Being able to re-evaluate your marketing in light of the opportunities you saw allowed you to take your work to a new audience. This is a lesson every book writer can learn.


Karen Jonson January 27, 2013 at 9:56 am

Hi Monica,

Very well stated! Thank you for sharing your thoughts.



Pierre Trudel February 1, 2013 at 4:36 am

Hi Karen,
I have been working on my book for over 5 years and just can’t seem to get down to finishing the writing because of my fears of not talking to the right audience.
I write articles and continue my journey. Reading your tips help to keep me motivated.
I know that my work is important but my question to you is, “how do I know” that my interest group even exists?”.


Karen Jonson February 1, 2013 at 8:02 am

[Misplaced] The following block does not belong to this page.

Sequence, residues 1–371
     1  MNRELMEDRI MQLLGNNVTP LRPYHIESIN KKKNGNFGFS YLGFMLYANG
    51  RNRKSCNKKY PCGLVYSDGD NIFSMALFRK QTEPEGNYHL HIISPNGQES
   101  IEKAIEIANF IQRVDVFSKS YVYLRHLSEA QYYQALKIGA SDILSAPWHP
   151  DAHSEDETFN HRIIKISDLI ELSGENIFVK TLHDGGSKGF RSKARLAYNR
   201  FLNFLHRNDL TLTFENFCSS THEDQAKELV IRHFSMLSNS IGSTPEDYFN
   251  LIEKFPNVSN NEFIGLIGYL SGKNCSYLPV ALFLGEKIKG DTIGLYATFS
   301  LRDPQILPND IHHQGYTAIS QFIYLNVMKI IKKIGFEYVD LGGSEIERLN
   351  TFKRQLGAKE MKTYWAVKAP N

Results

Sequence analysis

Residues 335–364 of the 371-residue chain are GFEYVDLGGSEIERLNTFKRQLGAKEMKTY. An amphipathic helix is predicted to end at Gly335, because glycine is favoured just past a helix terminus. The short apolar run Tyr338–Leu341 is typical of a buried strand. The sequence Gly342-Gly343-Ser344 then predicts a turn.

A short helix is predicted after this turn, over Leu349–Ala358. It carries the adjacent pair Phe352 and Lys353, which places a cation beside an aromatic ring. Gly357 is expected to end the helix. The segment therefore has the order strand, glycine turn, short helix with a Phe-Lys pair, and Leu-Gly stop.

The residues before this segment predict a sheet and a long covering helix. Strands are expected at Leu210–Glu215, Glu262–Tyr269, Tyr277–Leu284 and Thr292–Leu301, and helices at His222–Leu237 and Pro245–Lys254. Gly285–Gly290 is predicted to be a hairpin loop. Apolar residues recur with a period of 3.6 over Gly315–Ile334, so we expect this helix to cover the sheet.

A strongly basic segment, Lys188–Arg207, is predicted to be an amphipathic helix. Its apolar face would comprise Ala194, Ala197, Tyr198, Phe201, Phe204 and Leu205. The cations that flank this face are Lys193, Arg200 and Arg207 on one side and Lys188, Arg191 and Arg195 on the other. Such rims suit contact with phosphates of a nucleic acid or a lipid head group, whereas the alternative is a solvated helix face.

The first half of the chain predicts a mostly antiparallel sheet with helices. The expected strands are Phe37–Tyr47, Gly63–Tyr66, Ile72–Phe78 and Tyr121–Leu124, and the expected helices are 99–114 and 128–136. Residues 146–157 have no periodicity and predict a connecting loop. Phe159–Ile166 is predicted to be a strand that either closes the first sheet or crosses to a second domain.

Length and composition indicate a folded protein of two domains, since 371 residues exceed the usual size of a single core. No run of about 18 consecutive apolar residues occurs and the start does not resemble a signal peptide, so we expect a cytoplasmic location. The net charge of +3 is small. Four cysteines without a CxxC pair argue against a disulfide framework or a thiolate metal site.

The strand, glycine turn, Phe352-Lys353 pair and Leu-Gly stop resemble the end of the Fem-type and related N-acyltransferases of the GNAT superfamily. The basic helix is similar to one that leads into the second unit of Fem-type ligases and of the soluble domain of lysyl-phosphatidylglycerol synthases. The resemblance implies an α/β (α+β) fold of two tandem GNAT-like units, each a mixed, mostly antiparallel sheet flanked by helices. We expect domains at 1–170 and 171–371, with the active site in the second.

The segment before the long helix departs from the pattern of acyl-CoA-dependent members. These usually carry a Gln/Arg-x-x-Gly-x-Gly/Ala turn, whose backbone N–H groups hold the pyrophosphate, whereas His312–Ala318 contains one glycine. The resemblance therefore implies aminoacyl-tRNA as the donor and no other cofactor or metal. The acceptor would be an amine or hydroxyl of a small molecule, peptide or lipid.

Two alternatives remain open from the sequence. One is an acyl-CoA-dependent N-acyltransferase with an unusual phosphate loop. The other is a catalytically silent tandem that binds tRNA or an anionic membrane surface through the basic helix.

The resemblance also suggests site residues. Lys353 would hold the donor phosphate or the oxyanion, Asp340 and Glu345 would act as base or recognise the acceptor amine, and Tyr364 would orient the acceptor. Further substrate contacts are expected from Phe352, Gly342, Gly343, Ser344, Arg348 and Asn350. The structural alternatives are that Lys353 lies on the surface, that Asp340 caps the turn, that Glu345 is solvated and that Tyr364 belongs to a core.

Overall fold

Hi Pierre,

Thank you for writing. I’m happy to hear my blog posts help you stay motivated. Finishing the book, those last stages, indeed, can be very challenging.

As for finding your book’s interest group, you have to do market research. Are there other books and genres out there already? Are there organizations related to what you are writing about?

You could also start, if you haven’t already, getting on social media and searching for your audience.

One of the lessons in the Indie Book Marketing Workshop deals with this issue in more detail. I think the course might be an additional motivator for you, if you are interested. I encourage authors to learn fundamental marketing skills, if not from me, than from somewhere.

I hope this helps — and I hope you get your book finished. It will give you an immense sense of satisfaction.